13th April 2020 < back
Minimising Mental Stress as a Web Developer - Part 1
Programming is a process of figuring out lots and lots of small problems. This can be a rewarding and enjoyable experience, like doing a crossword, but at other times it can be stressful and unpleasant, especially when you're not in the mood. In this series of posts I want to talk about managing the inevitable stress caused in web development.
Don't try to work on unrelated problems at the same time
In development, we sometimes have to wait. For example, when launching a server we might end up staring at a command console as the software installs. My advice is to wait patiently, walk away, or prepare the additional steps required when the server is ready. Keep yourself focused on a single overall task.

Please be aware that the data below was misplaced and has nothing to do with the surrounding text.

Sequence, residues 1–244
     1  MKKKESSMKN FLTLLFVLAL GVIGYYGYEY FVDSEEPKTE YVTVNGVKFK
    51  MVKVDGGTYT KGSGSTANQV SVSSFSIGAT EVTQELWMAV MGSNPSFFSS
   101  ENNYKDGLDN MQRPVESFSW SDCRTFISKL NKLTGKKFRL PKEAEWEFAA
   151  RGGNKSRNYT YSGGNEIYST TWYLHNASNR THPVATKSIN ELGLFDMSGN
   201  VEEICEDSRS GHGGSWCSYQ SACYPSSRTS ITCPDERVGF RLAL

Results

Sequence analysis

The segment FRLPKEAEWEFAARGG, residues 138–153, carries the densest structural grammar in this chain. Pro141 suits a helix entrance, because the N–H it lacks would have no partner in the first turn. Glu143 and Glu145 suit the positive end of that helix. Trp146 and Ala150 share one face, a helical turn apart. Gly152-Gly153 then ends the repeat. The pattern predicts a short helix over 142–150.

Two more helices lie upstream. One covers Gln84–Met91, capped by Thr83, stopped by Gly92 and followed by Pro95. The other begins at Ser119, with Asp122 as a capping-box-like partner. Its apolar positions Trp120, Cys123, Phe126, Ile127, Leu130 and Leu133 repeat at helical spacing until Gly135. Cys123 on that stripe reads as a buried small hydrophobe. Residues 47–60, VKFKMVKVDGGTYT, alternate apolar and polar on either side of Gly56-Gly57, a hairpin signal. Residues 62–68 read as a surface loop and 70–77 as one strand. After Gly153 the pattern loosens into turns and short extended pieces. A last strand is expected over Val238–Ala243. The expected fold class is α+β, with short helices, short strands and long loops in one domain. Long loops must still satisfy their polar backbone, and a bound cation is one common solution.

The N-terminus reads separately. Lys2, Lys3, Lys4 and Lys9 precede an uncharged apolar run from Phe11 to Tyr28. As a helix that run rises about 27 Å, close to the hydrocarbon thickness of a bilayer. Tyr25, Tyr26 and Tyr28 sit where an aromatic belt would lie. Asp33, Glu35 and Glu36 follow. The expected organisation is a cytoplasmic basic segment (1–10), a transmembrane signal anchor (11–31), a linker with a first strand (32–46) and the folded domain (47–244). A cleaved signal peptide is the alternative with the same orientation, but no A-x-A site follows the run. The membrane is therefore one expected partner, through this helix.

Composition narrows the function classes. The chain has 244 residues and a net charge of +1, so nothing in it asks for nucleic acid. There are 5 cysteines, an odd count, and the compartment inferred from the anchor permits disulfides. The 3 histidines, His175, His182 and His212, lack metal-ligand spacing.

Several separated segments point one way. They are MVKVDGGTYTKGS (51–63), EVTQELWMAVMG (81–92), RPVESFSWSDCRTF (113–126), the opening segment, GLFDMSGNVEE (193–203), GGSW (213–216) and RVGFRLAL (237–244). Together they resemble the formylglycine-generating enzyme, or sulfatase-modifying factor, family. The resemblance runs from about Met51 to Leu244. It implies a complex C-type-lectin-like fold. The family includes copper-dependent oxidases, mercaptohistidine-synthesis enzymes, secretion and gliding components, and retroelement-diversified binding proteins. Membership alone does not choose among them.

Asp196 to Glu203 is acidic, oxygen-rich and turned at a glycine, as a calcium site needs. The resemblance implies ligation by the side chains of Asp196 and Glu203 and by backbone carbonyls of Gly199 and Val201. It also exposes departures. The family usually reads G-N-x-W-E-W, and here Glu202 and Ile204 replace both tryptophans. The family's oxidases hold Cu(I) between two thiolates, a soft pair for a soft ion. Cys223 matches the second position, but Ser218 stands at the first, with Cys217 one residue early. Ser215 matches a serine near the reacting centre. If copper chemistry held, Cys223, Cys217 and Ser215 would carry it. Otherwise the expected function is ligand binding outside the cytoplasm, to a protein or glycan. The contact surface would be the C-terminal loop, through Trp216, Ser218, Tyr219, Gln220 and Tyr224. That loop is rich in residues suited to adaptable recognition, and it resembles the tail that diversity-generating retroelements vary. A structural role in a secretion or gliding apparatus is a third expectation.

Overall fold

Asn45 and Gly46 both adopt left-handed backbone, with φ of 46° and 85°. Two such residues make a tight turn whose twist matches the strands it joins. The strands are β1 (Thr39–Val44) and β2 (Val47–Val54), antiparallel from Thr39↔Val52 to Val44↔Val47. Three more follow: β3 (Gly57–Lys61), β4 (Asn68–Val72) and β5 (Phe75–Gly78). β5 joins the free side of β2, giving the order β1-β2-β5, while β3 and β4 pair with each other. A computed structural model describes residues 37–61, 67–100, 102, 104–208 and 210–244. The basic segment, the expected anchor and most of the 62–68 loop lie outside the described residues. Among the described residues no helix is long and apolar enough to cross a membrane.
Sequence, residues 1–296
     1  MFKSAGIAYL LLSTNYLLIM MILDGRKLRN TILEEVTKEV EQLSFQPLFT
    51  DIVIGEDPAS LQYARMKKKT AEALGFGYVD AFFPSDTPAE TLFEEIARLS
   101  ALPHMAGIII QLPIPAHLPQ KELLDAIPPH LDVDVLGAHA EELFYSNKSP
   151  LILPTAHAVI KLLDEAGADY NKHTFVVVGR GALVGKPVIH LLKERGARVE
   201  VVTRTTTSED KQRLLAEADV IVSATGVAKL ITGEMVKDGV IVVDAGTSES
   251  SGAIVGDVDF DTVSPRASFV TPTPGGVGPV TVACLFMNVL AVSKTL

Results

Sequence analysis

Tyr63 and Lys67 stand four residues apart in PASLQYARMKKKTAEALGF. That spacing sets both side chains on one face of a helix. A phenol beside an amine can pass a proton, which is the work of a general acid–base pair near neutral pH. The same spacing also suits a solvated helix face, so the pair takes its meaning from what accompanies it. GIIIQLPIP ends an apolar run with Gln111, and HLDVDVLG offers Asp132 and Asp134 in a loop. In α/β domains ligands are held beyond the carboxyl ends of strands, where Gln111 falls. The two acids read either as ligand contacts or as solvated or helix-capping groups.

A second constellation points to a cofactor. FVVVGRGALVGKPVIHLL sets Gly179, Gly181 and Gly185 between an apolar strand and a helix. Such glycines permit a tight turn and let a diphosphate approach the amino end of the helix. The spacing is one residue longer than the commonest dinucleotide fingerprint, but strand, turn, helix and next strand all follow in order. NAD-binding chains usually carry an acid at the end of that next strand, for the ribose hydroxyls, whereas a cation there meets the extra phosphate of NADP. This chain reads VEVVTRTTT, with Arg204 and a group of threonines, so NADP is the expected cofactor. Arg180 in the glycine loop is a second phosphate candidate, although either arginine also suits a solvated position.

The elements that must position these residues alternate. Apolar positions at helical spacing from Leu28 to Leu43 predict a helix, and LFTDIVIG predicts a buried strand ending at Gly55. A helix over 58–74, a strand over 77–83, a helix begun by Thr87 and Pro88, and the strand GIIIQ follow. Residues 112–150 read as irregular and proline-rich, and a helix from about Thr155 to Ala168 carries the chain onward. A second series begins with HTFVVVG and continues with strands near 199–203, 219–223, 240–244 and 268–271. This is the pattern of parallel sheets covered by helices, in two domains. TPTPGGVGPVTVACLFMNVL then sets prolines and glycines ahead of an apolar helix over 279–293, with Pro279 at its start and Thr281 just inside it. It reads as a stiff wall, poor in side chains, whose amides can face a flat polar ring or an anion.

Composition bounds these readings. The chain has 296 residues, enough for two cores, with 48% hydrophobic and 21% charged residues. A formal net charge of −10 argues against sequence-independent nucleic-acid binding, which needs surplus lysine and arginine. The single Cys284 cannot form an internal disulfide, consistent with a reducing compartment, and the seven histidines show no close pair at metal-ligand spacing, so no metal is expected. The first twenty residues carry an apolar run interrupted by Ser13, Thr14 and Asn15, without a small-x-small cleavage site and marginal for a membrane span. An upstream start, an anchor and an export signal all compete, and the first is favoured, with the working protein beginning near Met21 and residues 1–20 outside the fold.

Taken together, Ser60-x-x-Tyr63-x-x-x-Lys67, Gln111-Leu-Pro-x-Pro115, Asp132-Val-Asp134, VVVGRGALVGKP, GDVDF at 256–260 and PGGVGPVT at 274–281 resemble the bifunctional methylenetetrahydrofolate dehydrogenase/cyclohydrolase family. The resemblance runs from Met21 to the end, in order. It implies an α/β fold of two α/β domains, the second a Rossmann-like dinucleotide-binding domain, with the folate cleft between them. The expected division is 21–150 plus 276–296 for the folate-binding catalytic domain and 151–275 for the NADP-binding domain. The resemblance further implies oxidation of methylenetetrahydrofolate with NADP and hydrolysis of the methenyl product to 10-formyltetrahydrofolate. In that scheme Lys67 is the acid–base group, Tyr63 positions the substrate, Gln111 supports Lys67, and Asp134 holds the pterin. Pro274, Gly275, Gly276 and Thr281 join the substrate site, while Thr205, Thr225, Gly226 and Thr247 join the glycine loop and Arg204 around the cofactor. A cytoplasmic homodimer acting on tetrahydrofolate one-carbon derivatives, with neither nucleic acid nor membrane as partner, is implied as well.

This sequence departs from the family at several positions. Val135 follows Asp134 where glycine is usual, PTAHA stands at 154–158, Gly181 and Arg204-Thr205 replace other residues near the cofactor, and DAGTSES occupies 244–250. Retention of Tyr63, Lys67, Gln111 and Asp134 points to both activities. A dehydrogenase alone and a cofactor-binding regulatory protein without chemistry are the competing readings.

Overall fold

Mental stress can occur when we jump into another project or an unrelated task during this wait time. Opening your emails, looking at code from another project, things like these will introduce an array of unrelated problems into our short-term memory and we may find ourselves losing grip on all tasks.
For programmers, mental stress and distractions will affect the quality of our work. We have to be sure that one problem has a reliable solution before moving to the next problem. So I try to follow a simple rule: Don't ever try to work on unrelated problems at the same time.
This also applies to phone calls and emails. Communications require just as much mental focus as programming and who knows what new problems our clients might introduce in conversation. Put your phone on silent while you are working and make sure you are relaxed and ready before pondering the next big problem.
This post was inspired by an easy to read book on human thought processes and their limitations: Thinking Fast & Slow - Daniel Kahnenman.
Article category: Best Practices